I live out in the boonies. The only way to get TV out here is by satellite. That satellite on my roof talks to something, somebody, somewhere. It pipes stuff in and out of my house, into my sacred living space. It’s connected to my TV and I know that my TV is just a helper-monkey for the spy box.
Like other satellite suckers, I bought the “All Cosmos” package that delivers something like 831 channels. I only watch maybe 6 or 7 of them. So, that leaves well over 800 channels that are doing something, all the time. I wonder what they’re doing? Why are they there? Who is running this game?
The box that sits next to my TV is always on. When it’s not on, it complains that it MUST be turned on to do secret, hidden things. The on-screen message tells me that it wants to update stuff. I don’t believe a word of that. Nothing out in the boonies ever gets updated. That’s why it’s called the “boonies.” So, what is that thing really doing?
The satellite people won’t tell me anything. It doesn’t matter if I beg, complain, or throw a dungal-fit. They remain stoic, unmoved. That’s how spies operate, I think. Well, maybe more likes moles. I think that everyone who works for the satellite company is a mole, operating a front for their spies on all those TVs out here in the boonies.
These spies are multilingual. I see it on lots of those channels. They also play music, all kinds of music. I think there are messages hidden in the music. The moles know all about this kind of thing. They bundle all of this together, make it very pretty, but it’s still unfathomable and far too secret. The worst part of it is that the spymasters, somewhere “up there,” charge me for the privilege of spying on me. That’s just not American.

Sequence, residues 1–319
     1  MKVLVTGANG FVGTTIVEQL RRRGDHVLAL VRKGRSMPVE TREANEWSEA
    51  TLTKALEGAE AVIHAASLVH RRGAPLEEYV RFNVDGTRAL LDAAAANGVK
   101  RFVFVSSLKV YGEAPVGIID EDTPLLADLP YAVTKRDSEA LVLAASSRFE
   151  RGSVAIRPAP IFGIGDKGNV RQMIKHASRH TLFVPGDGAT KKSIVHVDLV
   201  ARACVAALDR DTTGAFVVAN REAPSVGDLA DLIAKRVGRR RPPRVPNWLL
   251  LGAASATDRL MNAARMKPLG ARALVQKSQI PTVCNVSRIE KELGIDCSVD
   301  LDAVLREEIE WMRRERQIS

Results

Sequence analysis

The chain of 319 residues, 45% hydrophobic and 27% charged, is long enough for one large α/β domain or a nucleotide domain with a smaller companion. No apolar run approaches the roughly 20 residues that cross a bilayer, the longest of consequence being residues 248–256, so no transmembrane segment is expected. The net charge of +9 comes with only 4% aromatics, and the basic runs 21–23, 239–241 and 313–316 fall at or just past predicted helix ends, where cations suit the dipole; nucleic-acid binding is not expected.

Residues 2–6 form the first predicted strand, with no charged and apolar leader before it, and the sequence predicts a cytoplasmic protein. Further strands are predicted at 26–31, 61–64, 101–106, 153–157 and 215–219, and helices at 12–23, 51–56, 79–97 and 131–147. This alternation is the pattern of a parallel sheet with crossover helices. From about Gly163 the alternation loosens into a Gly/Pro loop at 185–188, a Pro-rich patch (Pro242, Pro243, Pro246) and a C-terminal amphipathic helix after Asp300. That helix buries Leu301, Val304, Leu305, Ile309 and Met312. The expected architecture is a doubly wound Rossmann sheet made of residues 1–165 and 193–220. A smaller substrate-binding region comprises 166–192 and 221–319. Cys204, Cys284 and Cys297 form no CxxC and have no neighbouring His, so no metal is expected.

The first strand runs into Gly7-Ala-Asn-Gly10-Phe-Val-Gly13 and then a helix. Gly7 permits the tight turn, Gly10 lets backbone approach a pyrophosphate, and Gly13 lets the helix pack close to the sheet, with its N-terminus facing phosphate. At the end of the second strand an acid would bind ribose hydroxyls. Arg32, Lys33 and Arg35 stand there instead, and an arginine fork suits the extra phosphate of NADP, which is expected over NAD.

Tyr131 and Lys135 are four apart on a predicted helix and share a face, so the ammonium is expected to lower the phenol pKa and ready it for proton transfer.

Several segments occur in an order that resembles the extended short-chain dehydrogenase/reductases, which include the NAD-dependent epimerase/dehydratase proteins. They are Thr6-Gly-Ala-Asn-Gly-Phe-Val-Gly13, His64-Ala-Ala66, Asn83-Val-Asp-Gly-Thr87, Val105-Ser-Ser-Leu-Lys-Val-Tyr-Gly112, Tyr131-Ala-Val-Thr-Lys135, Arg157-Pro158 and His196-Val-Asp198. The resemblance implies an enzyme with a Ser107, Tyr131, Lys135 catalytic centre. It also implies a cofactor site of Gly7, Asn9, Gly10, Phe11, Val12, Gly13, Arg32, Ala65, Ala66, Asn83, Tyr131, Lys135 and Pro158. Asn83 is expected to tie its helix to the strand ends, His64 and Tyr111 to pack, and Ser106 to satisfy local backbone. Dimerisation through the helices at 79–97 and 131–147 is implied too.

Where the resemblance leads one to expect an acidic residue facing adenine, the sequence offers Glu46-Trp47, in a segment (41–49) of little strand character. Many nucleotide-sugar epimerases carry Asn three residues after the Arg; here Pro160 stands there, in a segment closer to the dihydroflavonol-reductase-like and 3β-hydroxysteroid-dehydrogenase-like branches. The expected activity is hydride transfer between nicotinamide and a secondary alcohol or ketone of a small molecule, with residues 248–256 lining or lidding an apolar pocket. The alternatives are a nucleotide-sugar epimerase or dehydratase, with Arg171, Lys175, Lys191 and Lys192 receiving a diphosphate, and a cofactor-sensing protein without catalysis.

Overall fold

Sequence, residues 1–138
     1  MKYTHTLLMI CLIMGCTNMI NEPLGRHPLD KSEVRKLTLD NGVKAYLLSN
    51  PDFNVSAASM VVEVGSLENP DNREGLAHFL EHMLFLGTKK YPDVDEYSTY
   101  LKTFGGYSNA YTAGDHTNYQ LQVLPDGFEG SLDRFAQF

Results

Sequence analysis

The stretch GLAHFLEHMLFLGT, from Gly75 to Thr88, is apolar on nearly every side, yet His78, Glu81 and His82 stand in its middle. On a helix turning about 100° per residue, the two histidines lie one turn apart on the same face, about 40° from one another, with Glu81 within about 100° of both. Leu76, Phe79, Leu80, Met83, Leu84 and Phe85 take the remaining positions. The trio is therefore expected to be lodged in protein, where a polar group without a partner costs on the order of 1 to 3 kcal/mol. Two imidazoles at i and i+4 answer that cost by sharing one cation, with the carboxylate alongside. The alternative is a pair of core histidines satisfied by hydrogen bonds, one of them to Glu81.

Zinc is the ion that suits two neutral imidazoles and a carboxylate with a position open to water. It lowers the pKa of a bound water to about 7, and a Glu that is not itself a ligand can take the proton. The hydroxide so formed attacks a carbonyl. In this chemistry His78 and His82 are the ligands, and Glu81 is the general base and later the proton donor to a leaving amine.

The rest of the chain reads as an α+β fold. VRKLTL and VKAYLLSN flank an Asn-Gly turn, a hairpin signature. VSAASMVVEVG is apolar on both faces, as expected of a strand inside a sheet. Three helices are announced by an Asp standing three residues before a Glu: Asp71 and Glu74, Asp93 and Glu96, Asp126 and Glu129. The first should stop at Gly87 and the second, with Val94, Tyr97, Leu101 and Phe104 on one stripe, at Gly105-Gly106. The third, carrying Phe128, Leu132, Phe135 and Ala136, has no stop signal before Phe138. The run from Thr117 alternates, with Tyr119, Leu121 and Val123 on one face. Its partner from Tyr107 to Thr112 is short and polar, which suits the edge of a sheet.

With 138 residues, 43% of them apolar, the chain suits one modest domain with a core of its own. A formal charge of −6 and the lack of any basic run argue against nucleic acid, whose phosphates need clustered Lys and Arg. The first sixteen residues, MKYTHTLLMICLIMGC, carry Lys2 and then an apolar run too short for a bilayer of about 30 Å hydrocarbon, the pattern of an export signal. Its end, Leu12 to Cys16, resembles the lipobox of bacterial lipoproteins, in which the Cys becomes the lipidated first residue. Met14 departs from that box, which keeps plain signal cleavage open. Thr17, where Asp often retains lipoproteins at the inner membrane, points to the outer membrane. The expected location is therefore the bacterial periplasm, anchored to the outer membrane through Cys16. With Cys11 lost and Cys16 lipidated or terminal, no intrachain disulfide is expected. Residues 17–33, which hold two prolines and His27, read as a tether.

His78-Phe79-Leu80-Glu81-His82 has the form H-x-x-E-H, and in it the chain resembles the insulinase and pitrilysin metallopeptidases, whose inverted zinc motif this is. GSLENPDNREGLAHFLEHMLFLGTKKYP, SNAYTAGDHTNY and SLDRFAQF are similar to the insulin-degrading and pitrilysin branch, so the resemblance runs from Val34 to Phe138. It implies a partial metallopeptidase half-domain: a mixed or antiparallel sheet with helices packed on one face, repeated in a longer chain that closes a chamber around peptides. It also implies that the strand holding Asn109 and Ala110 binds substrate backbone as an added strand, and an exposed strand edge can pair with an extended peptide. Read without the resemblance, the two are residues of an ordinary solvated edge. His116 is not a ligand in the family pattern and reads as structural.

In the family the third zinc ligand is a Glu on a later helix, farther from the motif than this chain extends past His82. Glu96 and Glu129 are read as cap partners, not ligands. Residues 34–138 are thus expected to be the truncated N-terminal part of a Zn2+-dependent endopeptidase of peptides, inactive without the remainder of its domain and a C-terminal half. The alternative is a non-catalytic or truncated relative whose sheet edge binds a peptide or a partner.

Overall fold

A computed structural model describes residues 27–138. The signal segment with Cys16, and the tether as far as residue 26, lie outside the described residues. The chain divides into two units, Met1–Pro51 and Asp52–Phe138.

Sometimes, the spy goes to sleep. This usually happens when it’s snowing like hell. The spy sleeps, the TV groinks, and the whole apparatus sends cryptic messages my way. It wants to “re-acquire” something. What’s it trying to re-acquire? Does it want to talk to the moles? The spymasters? What did it lose in the first place? Why doesn’t it tell me in plain English?
It doesn’t want me to know, that’s why. It speaks in code, the kind of code that only spies understand. I’m out of the loop, but it’s not. That’s one of the reasons I know it’s a spy. Only spies and moles need code. The rest of us mortals settle for a more common language.
My TV has a spy guide. My shooter has a little button. When I press it, it gives me the spy guide, a tiny peek into its private world. The spy guide is long, enormously long. I can’t get through more than a few button pushes before I get tired. I think it’s hiding all the good stuff way down on the list. So, I’ve tried to start at the end, which is what spies always do. Still doesn’t work. Where’s all the good stuff? Why is it all so secret? I can’t start in the middle. After all, I’m just human.
I don’t like to sit in front of the TV when it’s off. The spy box that sits alongside the TV is always blinking at me. Sometimes, it whirrs and makes strange sounds. It’s obviously alive and doing something. What’s it doing? Who’s it talking to? I can’t turn it off or it’ll send me those weird, encoded messages. When it’s turned on, it’s watching me. I know it is. I’m really stuck.
I’ve decided there’s only one way to solve the dilemma. I’m going to become a double agent. I’ll fight fire with fire. It’s pretty easy. I just turn on my Roku and flood my TV with stuff. It drowns out the spy box since the box wants to do everything on its own. The spy is selfish and that’s its downfall. The Roku takes over, gives me just one thing at a time. No spy satellite needed. It’s simple. No bizarre encoded messages. Everything’s in English. I’m happy once again.
I can even shut down my Roku on those days I’m feeling too spied upon. I just pull the plug and pick up a book. Books don’t spy on me.